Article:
4 Strategies For Scoring a Bargain on a Restaurant Wine List

published Apr 27, 2016
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To say restaurant wine lists are daunting is an understatement. Often they’re as big as phone books and filled with obscure names, confusing italics, and triple-digit price tags.

But vodka need not be the answer to quenching thirst and relieving wine list anxiety — even Michelin-starred restaurants have inexpensive gems hidden on their pages, and rigorous sommelier training isn’t needed to uncover them. In fact, four simple strategies are all you need to discover a new favorite wine at a price that’s easy to swallow.

1. Go big and buy the bottle.

Sommelier Courtney Schiessl of New York’s Marta says that buying a bottle of wine is often the best way to save when dining out — especially bottles that are not offered by the glass. “In order for any wine program to be profitable, by-the-glass offerings typically have a higher markup (about 4 times the cost), and the bottle price will likely reflect this,” she explains.

Schiessel suggests ignoring the by-the-glass section of the menu completely, and focusing on what’s solely available by the bottle. Half bottles and splits can also offer value if you’re only planning to enjoy two glasses.

Note, too, that in many states, it’s legal for restaurants to re-cork partially finished bottles to take home.

2. Do some homework.

A little preparation is a great way to scout for bargains and avoid a wine list-induced seizure at the table. Fortunately most restaurants are now putting their wine lists online.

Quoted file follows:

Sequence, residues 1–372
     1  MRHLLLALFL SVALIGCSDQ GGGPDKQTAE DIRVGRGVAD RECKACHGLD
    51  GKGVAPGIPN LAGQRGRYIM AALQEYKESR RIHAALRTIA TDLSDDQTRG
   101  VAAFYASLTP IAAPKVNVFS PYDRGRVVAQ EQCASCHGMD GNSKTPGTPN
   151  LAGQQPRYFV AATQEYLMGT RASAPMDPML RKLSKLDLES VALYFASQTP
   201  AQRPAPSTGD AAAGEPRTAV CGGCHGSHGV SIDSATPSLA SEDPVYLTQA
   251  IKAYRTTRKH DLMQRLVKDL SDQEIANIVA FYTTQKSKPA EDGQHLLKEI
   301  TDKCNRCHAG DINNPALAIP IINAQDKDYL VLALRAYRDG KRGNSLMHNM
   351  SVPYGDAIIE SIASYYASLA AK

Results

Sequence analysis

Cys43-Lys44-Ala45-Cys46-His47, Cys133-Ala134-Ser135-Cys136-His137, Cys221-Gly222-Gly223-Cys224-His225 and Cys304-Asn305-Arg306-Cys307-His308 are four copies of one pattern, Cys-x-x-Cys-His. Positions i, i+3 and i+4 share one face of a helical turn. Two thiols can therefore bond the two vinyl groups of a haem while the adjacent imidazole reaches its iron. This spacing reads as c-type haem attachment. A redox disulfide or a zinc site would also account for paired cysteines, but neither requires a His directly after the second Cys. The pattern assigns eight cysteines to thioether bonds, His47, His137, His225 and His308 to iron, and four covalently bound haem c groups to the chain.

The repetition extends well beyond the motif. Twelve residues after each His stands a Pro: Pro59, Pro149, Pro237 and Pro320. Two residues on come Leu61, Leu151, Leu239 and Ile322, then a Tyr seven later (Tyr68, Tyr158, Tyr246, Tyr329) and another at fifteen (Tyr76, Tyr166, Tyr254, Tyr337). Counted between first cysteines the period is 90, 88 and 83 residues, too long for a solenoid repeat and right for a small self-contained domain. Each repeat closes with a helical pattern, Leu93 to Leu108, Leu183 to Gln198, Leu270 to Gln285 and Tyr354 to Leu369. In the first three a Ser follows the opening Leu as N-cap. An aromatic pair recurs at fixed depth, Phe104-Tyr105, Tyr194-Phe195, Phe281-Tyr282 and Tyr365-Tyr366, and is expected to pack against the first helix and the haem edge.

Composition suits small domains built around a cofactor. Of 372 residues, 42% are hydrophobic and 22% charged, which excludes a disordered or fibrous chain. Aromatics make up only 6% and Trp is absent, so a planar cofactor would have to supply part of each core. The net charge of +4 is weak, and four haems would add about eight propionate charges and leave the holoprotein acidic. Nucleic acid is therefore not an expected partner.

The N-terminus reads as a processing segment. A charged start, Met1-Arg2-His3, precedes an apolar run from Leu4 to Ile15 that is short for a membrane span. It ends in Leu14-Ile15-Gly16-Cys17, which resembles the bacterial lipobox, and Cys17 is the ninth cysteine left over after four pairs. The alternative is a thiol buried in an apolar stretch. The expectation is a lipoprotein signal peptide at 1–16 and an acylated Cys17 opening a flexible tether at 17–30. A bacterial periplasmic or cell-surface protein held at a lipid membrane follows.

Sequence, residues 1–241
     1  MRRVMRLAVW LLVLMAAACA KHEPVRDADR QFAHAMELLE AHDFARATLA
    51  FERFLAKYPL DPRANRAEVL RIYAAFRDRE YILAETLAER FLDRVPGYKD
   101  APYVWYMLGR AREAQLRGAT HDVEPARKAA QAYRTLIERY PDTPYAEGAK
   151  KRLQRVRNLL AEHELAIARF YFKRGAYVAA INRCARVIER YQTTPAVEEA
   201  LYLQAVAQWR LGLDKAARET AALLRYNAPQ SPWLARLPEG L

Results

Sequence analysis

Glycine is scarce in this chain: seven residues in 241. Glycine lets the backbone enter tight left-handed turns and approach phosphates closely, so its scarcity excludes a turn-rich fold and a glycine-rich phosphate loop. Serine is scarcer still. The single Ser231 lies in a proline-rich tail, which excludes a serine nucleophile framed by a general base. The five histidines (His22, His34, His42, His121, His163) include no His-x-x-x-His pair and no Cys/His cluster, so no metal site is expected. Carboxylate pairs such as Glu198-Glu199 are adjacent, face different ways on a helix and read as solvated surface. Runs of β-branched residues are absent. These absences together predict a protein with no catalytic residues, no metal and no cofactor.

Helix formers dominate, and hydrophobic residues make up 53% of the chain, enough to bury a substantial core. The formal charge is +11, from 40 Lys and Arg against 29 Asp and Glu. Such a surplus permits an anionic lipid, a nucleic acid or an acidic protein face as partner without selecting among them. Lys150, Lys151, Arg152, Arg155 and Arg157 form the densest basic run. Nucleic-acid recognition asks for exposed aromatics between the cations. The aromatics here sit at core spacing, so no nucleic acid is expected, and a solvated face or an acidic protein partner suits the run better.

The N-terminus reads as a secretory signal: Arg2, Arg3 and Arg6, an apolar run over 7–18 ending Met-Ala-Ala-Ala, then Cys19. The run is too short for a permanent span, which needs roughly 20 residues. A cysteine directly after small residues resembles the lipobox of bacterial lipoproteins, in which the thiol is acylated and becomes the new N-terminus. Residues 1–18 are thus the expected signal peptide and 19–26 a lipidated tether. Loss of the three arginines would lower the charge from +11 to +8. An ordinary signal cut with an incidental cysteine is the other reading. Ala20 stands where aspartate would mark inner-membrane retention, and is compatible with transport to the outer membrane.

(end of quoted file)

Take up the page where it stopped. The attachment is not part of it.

When examining the list, Schiessel recommends seeking out the wine director, whose name is often printed on the wine list. “Does he or she have a region or country that they are particularly passionate about? Chances are, there will be some bargain gems from this region just because the wine director wants to share that passion.” (On Marta’s list, Sicily is an excellent example of this.)

It’s also a good idea to scan the bottom pages of the wine list, or call ahead and inquire about corkage fees. It may sound counterintuitive to pay $15 or $20 to bring your own wine, but restaurant bottles are rarely that inexpensive. And on certain weeknights, many restaurants offer free corkage.

3. Embrace the un-pronounceable.

Confusing names are scary — it’s that simple. For wine directors and sommeliers, that means obscure (yet delightful) bottles are harder to sell. For adventurous diners, however, confusing names offer hidden bargains. Restaurants reduce their markup on these bottles to move inventory (and make up for their losses with popular wines like cabernet sauvignon and Champagne.)

If you’re afraid to mispronounce, simply point to the entry on the wine list, and let your server or sommelier do the tongue twisting.

Alex Masanotti, sommelier at Jean-Georges, also suggests seeking out off-the-radar regions: “Look for wine regions like Austria, Languedoc-Roussillon, and the Rhone Valley, which tend to be a great value.”

4. Ask for help.

Despite a reputation for snobbery, sommeliers are a diner’s best ally, so if you have a question, ask!

Masanotti notes, “Sommeliers are intimately familiar with the ins and outs of their list, and know where the values are. From areas like Burgundy, which can be cost-prohibitive from some, we can point out village-level wines from well-known producers, or we can find something different that will pair equally well with the meal, or have the flavor profile you’re looking for.”